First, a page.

Future fuel keeps sprouting at Parkland
CHAMPAIGN – It grows fast, needs few nutrients and releases energy as biomass that could help Parkland College, and other institutions, reduce their reliance on petroleum.
There's already a 7-year-old miscanthus field near Parkland's red barn, and a family from Pesotum is finishing up planting a new field that will eventually be used to "seed" other plots.
Parkland College plans in the future, no date set yet, to install a biomass furnace at its H-building. The director of the physical plant, Jim Bustard, said the college is hoping to get a grant to cover the cost of the furnace.
The current plot is a "nursery" that will supply rhizomes to plant a larger plot that will generate enough miscanthus for significant amounts of fuel in about 2013.
Eric Rund of Pesotum is a miscanthus expert, and it's his family doing most of the work of putting miscanthus into the ground.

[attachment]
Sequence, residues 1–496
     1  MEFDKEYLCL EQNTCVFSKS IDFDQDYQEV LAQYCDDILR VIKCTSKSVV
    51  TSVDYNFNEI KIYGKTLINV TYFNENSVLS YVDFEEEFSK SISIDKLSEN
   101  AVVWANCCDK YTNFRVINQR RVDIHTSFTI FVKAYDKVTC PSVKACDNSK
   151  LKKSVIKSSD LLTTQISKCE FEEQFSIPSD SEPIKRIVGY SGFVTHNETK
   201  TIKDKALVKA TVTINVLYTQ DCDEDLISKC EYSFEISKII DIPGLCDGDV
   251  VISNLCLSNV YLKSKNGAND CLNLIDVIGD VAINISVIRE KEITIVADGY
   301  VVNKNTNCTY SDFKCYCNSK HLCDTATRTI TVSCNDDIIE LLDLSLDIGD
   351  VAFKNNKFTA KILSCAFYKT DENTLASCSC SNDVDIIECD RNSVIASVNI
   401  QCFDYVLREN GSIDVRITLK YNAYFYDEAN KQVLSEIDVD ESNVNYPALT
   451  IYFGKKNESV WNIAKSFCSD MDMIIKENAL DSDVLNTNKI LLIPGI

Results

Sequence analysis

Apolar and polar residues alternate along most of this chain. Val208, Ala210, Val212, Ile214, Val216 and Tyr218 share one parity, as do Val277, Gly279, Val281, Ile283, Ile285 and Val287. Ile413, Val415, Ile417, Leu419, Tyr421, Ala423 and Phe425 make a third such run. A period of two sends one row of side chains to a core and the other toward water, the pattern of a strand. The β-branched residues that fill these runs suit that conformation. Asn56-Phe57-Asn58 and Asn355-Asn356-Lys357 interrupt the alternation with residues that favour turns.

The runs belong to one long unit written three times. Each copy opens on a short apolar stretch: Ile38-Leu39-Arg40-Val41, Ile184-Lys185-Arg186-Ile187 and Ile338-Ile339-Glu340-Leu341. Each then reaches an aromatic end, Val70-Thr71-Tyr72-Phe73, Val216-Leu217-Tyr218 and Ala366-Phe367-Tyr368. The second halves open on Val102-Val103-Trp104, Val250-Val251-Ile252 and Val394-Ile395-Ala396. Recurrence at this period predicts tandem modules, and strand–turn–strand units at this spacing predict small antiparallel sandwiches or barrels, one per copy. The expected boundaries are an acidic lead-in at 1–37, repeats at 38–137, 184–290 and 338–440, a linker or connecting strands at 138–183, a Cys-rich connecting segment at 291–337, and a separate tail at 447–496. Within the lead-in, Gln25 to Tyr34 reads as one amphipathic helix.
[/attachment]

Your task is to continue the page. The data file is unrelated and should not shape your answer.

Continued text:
Rund said he originally got interested in the grass, which is native to Africa and Asia, as a substitute for corn in the production of ethanol. One acre of miscanthus provides three times as much ethanol energy as corn, he said. Rund said he got out of the ethanol interests and is more interested in sustainable fuels.
Miscanthus is also nearly greenhouse gas-neutral, since the carbon dioxide released in burning it is roughly equal to what the plant took from the air as it grew.
Rund has visited South America to study how the plant is used. The plants that are going in at Parkland are from the state of Georgia, but the company that owns the Georgia farm is Canadian.
"West Europe is far ahead of the United States in this field," Rund said.
Bruce Henrikson, the chair of Business and Agri-Industries at Parkland, said the college first planted miscanthus seven years ago, and now has a lush field of it.
"It grows very fast, without us adding much to the soil," he said.
In three years, the college will pull plugs from the new field, and they'll be transplanted, possibly to several sites in Champaign-Urbana.
Parkland agriculture Professor Larry Thurow said other colleges, such as Eastern Illinois University, are already using biomass as a major fuel source.